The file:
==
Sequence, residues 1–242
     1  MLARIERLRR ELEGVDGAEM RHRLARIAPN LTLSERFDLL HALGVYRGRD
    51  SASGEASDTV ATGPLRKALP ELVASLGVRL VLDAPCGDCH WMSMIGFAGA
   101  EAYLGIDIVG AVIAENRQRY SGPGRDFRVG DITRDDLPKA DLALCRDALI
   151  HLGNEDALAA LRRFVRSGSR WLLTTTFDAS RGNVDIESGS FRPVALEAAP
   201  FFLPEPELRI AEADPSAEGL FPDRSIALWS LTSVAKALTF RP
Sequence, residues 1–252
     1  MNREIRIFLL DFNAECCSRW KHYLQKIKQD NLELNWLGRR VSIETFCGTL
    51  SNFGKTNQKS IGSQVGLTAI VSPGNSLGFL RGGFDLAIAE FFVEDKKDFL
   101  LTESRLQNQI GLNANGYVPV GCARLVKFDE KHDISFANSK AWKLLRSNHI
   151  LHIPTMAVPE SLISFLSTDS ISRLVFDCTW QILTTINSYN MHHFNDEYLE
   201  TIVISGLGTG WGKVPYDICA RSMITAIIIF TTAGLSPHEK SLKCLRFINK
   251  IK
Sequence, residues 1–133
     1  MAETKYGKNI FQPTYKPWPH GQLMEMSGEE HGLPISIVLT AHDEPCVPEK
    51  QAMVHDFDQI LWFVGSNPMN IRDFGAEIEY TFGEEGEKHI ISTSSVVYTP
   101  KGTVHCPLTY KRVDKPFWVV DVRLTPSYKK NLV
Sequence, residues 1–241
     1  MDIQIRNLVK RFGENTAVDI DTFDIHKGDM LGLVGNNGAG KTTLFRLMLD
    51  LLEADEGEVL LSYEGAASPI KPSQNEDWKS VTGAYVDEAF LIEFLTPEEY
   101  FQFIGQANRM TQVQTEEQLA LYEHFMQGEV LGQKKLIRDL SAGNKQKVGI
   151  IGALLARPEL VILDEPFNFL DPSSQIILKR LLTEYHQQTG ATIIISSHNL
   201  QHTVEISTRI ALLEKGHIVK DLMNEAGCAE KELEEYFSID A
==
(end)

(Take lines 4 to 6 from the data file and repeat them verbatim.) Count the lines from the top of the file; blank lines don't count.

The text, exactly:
   101  EAYLGIDIVG AVIAENRQRY SGPGRDFRVG DITRDDLPKA DLALCRDALI
   151  HLGNEDALAA LRRFVRSGSR WLLTTTFDAS RGNVDIESGS FRPVALEAAP
   201  FFLPEPELRI AEADPSAEGL FPDRSIALWS LTSVAKALTF RP